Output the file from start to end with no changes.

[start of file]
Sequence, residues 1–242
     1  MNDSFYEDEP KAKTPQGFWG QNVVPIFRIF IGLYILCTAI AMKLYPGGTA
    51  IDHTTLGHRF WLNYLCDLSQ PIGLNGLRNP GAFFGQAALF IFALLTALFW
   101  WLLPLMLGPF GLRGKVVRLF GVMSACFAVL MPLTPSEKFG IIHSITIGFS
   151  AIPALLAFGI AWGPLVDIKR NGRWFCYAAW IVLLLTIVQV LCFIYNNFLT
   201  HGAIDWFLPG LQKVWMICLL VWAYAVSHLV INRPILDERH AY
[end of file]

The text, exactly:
Sequence, residues 1–242
     1  MNDSFYEDEP KAKTPQGFWG QNVVPIFRIF IGLYILCTAI AMKLYPGGTA
    51  IDHTTLGHRF WLNYLCDLSQ PIGLNGLRNP GAFFGQAALF IFALLTALFW
   101  WLLPLMLGPF GLRGKVVRLF GVMSACFAVL MPLTPSEKFG IIHSITIGFS
   151  AIPALLAFGI AWGPLVDIKR NGRWFCYAAW IVLLLTIVQV LCFIYNNFLT
   201  HGAIDWFLPG LQKVWMICLL VWAYAVSHLV INRPILDERH AY